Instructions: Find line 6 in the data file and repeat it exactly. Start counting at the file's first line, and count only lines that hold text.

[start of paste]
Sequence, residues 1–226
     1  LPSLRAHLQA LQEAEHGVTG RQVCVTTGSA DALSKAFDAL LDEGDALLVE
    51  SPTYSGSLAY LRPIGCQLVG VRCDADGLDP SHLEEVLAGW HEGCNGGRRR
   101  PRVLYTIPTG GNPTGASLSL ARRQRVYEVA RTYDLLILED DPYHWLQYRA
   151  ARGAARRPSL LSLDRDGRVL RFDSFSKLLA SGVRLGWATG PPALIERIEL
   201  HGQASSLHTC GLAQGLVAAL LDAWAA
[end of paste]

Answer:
   201  HGQASSLHTC GLAQGLVAAL LDAWAA